It’s mid-July and I’m back at Latitude. I love this place, not only because of it’s astounding natural beauty but also because, after walking a solid five miles around Glastonbury last month in search of a bloody jacket potato, Latitude is exceptionally easy to navigate in comparison. I even arrived late and was still able to pitch my tent basically at the door of the arena. I’ll give that a 5* for convenience.
Located in Suffolk’s Henham Park, Latitude is set in the kind of place you’d want to go for a weekend even if there was no festival. For many, it’s the ultimate middle class dream - boating, yoga and a Sadler’s Wells stage. After attending just once before, I already feel like I know this place like it’s my back garden, apart from the fact it took me a stupidly long time to find my way in. The ferns (which I have now been informed, is in fact bracken) still carpet the hill by the lake, the sheep are still fuchsia pink (despite the controversy) ((it’s natural animal-friendly dye, FYI)), the main backstage entry is still as difficult to negotiate with as it was back in 2017, and the crowd still mainly consists of large groups of 14 year olds and the sort of families that park their camping chairs right in front of a stage for a whole day to secure an above average view. Let it be known that the latter is not a critique, for I have seen the mothers and fathers of such families moshing down the front of the Lake Stage on more occasions than one and quite frankly I dig it.
As we all know, festivals are FUN. Any type of personality can find fun at a festival, and festivals are probably one of the funnest things you can do as an adult in the modern age. But many lack simple, entertaining things you get to do as a child - like riding scooters, skating, sliding down stairs in a box, being pushed around in a pram, etc. So naturally I’m delighted to see Isaac from Slaves bombing it at full steam on an electric go-cart that’s dressed up as a mini VW campervan in an enclosed corner of the backstage area. This kind of thing is what I’m living for, and as a 25 year old without a drivers license, driving a go-cart dressed as a mini VW campervan is like realising you can fly for the first time. And man do they go fast - possibly heights of 20mph. In terms of overall entertainment and enjoyability, the backstage campervans also get a 5* from me.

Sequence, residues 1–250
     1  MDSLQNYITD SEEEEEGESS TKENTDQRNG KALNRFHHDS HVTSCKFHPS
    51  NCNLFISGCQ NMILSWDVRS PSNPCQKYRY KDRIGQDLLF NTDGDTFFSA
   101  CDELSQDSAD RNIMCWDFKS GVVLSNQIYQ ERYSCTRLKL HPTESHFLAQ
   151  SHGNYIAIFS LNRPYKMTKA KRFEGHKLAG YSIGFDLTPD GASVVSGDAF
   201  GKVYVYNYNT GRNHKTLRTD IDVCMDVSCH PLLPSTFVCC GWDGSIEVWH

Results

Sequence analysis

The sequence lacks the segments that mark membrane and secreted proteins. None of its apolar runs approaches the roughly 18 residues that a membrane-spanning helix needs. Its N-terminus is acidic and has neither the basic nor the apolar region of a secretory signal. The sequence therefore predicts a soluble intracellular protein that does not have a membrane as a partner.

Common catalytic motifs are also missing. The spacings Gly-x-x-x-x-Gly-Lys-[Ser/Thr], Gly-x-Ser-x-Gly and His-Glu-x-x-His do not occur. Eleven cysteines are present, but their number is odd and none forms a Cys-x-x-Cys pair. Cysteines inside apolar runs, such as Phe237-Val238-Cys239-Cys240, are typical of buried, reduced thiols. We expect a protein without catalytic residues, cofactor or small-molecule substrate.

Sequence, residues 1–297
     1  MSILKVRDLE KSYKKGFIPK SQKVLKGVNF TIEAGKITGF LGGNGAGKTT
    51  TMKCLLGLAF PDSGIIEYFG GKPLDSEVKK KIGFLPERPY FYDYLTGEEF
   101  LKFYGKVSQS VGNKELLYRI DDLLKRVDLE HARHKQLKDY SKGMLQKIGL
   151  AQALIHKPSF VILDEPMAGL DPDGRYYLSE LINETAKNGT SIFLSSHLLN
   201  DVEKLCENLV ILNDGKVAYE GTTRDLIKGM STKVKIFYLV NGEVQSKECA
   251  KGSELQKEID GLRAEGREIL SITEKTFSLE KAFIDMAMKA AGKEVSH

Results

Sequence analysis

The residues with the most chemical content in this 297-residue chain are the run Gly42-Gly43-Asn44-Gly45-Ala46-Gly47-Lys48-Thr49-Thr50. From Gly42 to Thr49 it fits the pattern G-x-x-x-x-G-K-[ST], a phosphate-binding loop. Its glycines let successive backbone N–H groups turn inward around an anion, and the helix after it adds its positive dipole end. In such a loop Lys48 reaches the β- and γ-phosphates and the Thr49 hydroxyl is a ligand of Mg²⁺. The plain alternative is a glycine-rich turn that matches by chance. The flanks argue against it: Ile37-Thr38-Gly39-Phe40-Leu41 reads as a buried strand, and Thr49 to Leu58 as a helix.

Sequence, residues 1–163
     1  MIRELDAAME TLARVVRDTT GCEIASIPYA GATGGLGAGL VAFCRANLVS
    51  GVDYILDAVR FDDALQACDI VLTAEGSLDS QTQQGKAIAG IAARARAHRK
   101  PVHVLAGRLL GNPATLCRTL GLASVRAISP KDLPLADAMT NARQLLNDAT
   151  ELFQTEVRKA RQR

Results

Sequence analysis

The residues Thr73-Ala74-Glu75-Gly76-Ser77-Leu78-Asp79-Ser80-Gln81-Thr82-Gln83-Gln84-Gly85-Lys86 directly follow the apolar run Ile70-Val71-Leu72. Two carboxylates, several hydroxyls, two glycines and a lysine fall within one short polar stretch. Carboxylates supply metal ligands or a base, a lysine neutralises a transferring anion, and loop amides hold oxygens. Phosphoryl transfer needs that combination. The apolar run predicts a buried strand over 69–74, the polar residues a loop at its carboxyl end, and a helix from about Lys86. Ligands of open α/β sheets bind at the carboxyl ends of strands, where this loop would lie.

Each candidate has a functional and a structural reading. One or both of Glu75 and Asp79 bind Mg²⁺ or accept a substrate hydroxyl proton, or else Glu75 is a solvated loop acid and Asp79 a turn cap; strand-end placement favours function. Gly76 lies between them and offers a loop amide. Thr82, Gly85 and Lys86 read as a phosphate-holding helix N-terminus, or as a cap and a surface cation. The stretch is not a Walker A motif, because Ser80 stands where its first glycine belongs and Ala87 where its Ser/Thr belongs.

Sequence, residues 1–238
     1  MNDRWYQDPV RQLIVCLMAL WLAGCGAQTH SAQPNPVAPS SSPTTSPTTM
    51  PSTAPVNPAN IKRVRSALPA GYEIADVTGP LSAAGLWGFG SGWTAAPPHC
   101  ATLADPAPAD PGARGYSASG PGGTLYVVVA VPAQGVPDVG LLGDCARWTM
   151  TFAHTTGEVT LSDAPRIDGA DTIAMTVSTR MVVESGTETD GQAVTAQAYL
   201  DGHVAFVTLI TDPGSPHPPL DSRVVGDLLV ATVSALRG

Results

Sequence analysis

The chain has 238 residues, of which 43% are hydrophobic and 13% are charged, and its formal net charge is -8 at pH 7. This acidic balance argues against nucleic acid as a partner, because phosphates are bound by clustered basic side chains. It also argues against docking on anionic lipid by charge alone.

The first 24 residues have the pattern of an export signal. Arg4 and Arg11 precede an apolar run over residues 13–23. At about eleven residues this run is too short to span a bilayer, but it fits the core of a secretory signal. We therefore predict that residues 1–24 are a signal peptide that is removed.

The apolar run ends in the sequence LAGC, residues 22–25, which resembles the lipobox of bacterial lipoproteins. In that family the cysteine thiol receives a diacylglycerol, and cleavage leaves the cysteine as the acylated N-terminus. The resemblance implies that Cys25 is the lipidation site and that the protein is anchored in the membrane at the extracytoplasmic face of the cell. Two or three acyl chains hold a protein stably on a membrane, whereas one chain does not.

Moving on. Viagra Boys stand out in your memory because that’s exactly what Viagra Boys set out to do, and if the name hasn’t already stuck with you then their live set sure as hell will do. I’d put them pretty up there on the Richter scale of mental, and some have described them as Stockholm’s answer to Fat White Family. Singer Sebastian Murphy, half naked and covered in tats, spits his water everywhere and won’t start until someone brings him a bottle of “liquor” - now that is what I call punk rock. Meanwhile, his bandmates look like missing members of trainspotting. It’s exactly the kind of spicy meatball Latitude is gagging for, and VB dish it out in industrial sized portions.
With half of Working Mens Club - who played an energetic set on the Lake Stage that afternoon - and half of Slaves, we head to catch Nilufer Yanga who’s set sits perfectly in front of the leafy woodland backdrop of the Sunrise Stage. Her voice is deep and rhythmic but always gentle, her face looks relaxed and ruminating, and I’m drawn to the way she plays her guitar like she’s been doing it since the day she was born. I’ve read that Nina Simone and Pixies were big influences for her while growing up, and I’ve probably never heard anything that sounds more like a 50/50 concoction of the two, yet at the same time, sounds nothing like either of them at all.